I have three great posts I would like to share. All deal with the subject of mental models and reasoning from first principles:
“Speculation In A Truth Chamber” (Philosophical Economics)
First, the idea behind the exercise is not for you to literally walk through it, in full detail, every time you are confronted with a question that you want to think more truthfully about. Rather, the idea is simply for you to use it to get a sense of what it feels like to be genuinely truthful about something, to genuinely try to describe something correctly, as it is, without pretenses or ulterior motivations. If you know what that state of mind feels like, if you are familiar with it, then you will be able to stop and return yourself to it as needed in your trading and investment deliberations and in your everyday life, without having to actually step through the details of the scenario.
Second, the exercise is intended to be used in situations where you actually want to get yourself to think more truthfully about a topic and where you would stand to actually benefit from doing so. Crucially, that situation does not describe all situations in life, or even most situations. There are many situations in life where extreme truthfulness can be counterproductive, creating unnecessary problems both for you and for others.
Third, all that the exercise can tell you is what you believe the most likely answer to a question is, along with your level of confidence in that belief. It cannot tell you whether you are actually correct in having that belief. You might believe that the answer to a question is X when it’s in fact Y; you might have a lot of confidence in your belief when you should only have a little. Your understanding of the subject matter could be mistaken. You could lack the needed familiarity or experience with it to have a reliable opinion. Your judgment could be distorted by cognitive biases. These are always possibilities, and the exercise cannot protect you from them. However, what it can do is make you more careful and humble as a thinker, more open to looking inward and assessing the strength and reliability of your evidence and your reasoning processes, more willing to update your priors in the face of new information–all of which will increase your odds of getting things right.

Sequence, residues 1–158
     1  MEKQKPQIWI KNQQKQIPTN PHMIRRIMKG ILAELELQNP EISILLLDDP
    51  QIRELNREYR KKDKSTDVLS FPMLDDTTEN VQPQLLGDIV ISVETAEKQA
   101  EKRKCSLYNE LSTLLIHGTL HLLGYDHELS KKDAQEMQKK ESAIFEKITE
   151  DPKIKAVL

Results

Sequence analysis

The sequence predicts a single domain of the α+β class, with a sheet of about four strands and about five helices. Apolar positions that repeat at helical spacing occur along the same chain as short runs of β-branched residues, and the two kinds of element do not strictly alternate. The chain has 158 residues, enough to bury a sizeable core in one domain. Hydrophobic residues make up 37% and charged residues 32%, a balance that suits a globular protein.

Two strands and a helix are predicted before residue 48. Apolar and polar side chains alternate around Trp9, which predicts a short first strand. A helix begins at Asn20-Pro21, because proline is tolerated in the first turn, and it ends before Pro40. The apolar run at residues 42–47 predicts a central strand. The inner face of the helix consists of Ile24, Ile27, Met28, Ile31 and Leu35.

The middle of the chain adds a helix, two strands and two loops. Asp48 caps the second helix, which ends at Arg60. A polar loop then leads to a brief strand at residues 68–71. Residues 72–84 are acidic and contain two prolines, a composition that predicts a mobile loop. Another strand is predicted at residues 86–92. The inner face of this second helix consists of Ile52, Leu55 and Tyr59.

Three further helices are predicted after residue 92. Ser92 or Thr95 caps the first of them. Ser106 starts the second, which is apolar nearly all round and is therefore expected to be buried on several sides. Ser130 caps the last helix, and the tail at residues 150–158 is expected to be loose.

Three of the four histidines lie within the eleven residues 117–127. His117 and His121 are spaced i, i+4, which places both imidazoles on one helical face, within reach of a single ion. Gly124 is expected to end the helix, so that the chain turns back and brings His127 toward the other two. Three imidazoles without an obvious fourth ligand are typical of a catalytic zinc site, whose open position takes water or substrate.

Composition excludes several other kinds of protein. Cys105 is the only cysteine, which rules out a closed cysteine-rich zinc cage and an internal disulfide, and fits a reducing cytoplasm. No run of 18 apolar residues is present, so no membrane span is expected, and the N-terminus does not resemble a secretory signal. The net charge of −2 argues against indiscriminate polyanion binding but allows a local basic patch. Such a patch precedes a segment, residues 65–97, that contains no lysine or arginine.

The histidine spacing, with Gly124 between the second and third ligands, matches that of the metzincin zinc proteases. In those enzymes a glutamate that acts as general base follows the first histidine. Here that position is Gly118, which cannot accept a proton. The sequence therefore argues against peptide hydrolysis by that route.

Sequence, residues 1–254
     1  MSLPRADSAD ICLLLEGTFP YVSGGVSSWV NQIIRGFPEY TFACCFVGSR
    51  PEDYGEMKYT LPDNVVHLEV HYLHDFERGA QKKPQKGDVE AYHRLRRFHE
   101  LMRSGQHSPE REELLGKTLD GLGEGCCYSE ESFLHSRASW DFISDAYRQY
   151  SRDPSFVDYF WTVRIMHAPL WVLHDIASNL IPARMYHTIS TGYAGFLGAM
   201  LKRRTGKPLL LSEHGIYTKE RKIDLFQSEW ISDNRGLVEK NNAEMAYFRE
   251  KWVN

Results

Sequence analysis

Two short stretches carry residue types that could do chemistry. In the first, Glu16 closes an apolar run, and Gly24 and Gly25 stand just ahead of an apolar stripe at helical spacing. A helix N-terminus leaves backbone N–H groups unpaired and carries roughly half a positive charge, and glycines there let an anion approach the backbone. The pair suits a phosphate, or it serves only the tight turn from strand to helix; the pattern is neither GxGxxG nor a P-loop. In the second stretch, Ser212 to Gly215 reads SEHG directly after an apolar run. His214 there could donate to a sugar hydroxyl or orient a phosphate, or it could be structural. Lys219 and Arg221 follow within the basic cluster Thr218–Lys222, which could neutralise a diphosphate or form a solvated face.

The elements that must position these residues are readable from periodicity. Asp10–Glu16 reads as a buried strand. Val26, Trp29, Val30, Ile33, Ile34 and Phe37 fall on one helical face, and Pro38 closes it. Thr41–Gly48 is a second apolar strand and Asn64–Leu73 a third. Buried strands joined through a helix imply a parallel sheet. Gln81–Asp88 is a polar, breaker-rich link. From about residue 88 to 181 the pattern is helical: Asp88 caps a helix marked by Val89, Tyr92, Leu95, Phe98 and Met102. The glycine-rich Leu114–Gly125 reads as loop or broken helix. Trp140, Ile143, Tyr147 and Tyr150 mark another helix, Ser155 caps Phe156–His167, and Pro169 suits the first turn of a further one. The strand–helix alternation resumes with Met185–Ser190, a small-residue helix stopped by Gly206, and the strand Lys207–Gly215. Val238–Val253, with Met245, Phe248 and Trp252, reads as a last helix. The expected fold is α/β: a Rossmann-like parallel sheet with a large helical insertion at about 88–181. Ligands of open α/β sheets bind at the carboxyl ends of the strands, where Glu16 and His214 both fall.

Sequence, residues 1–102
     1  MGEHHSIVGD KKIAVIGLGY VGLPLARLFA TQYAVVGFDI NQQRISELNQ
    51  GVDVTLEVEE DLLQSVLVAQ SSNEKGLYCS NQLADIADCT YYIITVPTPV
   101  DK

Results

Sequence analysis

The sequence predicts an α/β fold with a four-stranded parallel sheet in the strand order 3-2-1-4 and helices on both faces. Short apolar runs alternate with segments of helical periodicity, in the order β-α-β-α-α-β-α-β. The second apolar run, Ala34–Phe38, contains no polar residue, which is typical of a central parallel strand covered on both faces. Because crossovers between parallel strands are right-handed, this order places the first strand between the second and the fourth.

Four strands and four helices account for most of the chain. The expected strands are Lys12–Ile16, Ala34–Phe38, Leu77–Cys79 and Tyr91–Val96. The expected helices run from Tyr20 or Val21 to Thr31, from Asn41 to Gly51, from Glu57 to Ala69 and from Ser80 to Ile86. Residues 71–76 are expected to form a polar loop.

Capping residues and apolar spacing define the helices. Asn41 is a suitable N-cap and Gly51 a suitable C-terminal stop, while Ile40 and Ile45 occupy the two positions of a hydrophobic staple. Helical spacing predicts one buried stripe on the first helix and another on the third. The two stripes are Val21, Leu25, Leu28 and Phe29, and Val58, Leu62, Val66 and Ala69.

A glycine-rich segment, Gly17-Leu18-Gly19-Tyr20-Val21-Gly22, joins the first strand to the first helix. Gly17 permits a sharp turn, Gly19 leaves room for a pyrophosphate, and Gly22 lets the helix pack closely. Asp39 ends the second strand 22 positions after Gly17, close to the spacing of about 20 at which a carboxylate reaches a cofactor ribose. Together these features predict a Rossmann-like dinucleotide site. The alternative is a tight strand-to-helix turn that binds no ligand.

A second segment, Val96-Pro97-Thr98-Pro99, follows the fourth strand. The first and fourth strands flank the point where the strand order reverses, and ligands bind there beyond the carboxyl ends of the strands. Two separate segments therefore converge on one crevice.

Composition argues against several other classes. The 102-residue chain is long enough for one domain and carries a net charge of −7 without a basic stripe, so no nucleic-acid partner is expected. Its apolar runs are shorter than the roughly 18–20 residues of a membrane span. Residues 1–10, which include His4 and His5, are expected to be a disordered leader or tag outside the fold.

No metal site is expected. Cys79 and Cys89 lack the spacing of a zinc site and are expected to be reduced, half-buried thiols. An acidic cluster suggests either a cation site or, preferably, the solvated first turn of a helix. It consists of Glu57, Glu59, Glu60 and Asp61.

“Thinking From First Principles” (Safal Niveshak)
Practicing first principles thinking is not as easy as explaining it. As Musk said, it’s mentally taxing. Thinking from first principles is devilishly hard to practice.
The first part, i.e., deconstruction, demands asking intelligent questions and having a deep understanding of the fundamental principles from various fields. And that’s why building a latticework of mental models is so important. These mental models are the fundamental principles, the big ideas, from different fields of human knowledge.
The best way to achieve wisdom, said Charlie Munger, “is to learn the big ideas that underlie reality.”
The second step is the recombination of the pieces which were identified in the first step. This is again a skill which can only be developed by deliberate practice. Any idea as an isolated piece of information doesn’t stay in the human brain for long. To be sticky, it needs to be connected with other ideas. A latticework is essentially a grid of ideas connected to each other. These connections are the glue which holds those ideas together.
If the new knowledge doesn’t find any connection or relevance to the old knowledge, it will soon be forgotten. New ideas can’t just be “stored” like files in a cabinet. They have to connect with what’s already there like pieces of a jigsaw puzzle. As you become better in finding connections between seemingly disconnected ideas, your recombination-muscle becomes stronger. Someone with a strong recombination-muscle will find it easy to practice the second step of first principles thinking.
“Playing Socratic Solitaire” (Fundoo Professor)
I am going to play a game based on ideas derived from Socrates and Charlie Munger. We will start with “Socratic Questioning” which is described as
disciplined questioning that can be used to pursue thought in many directions and for many purposes, including: to explore complex ideas, to get to the truth of things, to open up issues and problems, to uncover assumptions, to analyze concepts, to distinguish what we know from what we don’t know, to follow out logical implications of thought, or to control the discussion.